The aggressive pricing strategy is starting to have a real impact on their competitors in the region
Whenever the conversation turns to South Korean engineering, procurement and construction (EPC) contractors at oil and gas conferences, a series of conspiracy theories are always peddled about how they can manage to submit such low bids for the region’s megaprojects.
Government subsidies, special gilt-edged deals with vendors, as well as their world famous work ethic are always mooted as reasons for the continued South Korean success.
All South Korean contractors strenuously deny accepting any form of government subsidy at all. When interviewed recently, Samsung Engineering said that only 40 per cent of its suppliers were from their own domestic market.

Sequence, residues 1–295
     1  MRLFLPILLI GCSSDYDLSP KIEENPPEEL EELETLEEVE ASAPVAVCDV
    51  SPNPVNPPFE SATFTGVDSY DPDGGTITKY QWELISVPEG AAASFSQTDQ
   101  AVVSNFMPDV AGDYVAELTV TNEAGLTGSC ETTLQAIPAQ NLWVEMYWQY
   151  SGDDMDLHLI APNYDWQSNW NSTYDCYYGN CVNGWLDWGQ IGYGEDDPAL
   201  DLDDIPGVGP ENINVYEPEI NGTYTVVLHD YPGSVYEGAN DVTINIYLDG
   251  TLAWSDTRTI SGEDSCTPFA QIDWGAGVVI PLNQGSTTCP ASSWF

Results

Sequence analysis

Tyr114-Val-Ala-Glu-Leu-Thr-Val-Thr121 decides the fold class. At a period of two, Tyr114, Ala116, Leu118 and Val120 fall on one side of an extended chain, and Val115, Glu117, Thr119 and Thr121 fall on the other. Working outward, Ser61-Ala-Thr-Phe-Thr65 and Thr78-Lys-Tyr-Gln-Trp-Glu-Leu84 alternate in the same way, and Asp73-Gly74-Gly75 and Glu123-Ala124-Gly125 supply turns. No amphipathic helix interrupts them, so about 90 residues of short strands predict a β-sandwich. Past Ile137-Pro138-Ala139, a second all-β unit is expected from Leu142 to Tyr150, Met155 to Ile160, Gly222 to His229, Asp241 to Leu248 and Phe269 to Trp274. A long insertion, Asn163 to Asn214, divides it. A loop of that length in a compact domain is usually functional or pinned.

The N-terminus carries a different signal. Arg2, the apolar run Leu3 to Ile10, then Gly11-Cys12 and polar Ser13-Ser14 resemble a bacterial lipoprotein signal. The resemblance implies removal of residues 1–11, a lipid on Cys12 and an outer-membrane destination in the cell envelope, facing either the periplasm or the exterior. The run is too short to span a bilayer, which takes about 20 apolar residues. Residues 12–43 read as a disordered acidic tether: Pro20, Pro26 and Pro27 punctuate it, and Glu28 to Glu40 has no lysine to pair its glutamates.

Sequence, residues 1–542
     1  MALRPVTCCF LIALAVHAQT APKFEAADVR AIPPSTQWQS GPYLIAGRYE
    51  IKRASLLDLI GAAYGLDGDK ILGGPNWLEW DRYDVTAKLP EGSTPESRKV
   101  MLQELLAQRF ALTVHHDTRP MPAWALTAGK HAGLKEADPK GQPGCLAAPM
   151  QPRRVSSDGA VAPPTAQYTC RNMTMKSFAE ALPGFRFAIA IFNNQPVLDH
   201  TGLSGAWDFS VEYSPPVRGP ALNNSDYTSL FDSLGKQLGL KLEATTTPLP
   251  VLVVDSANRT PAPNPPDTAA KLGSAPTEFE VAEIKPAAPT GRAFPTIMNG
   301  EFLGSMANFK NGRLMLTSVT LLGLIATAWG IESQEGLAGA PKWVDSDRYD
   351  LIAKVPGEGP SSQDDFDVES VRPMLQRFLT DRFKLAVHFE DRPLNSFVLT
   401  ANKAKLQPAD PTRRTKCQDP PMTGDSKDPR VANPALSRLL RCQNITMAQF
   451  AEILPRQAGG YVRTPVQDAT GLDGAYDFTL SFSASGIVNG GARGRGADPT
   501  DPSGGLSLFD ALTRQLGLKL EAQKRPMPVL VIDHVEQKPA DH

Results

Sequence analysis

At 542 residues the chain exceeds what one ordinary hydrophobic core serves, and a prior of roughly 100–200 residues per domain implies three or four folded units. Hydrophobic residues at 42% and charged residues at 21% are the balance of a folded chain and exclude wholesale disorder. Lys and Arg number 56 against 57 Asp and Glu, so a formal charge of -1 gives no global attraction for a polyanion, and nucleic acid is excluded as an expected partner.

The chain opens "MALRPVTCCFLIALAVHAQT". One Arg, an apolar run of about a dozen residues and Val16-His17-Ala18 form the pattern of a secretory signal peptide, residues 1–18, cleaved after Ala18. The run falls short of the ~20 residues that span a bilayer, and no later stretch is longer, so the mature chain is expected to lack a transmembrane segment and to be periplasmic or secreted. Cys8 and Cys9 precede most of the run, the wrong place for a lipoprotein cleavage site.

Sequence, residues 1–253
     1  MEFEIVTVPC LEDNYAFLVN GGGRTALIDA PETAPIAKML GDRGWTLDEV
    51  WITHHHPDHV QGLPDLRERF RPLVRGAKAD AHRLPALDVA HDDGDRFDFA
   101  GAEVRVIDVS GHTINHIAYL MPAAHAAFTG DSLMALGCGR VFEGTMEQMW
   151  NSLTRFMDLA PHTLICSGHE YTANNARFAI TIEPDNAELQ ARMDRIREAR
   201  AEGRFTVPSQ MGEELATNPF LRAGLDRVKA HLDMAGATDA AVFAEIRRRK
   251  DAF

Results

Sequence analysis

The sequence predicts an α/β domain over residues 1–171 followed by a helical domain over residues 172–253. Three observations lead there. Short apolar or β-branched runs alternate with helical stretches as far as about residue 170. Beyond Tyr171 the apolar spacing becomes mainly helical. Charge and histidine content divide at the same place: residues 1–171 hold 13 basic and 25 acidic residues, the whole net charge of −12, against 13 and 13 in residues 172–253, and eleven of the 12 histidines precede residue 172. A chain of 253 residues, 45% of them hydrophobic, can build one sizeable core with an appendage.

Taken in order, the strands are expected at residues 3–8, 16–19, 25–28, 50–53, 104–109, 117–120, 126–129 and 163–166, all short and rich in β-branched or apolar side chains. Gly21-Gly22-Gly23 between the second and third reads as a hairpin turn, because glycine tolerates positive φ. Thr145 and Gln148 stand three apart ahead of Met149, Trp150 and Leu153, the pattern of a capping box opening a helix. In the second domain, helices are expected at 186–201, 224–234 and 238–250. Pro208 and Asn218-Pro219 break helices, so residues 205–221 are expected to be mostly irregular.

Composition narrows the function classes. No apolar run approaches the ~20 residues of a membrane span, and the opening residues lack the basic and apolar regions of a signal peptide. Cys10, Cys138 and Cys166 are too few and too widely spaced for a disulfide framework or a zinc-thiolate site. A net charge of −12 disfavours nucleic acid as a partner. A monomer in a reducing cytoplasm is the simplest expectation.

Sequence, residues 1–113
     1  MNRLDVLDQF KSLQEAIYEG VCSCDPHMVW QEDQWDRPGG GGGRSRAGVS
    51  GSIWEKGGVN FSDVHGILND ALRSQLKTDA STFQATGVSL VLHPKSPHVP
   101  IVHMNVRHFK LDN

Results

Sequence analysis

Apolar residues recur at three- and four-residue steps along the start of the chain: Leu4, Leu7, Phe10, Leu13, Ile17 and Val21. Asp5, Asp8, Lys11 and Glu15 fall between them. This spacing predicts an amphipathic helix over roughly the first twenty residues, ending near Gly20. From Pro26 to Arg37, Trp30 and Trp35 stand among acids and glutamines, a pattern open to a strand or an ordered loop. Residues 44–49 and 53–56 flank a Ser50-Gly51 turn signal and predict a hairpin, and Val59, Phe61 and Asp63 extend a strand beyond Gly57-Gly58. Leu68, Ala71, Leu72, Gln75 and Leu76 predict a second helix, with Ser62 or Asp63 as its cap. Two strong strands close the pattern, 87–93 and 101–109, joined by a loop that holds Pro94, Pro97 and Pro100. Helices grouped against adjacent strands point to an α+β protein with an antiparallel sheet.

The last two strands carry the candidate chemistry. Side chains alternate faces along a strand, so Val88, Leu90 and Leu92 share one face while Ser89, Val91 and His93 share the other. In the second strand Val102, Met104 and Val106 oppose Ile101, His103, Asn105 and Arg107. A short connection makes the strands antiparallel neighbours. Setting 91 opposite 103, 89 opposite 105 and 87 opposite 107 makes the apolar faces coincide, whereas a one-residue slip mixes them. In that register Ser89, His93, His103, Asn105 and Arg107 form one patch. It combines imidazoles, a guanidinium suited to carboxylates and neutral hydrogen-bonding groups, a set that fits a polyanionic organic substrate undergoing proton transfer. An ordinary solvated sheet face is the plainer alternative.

While it has undoubtedly become a cliche, the South Koreans are expected to work long hours for no additional overtime pay. With the large number of engineers now required on huge GCC plant projects this gives them some price advantage, especially if those engineers are deployed to formulate incredibly accurate costs at the bid stage.
The South Korean strategy of aggressive pricing is not a new initiative. It has been used since the early 1990s when companies such as Daelim Industrial, GS Engineering & Construction and Samsung started competing against the Japanese in the South East Asia plant market.
While they continue to confound the industry by executing projects for bargain basement prices, they are still going to be favoured by companies like Saudi Aramco.
So is the South Korean model sustainable? At 20 years and counting the obvious answer has to be yes.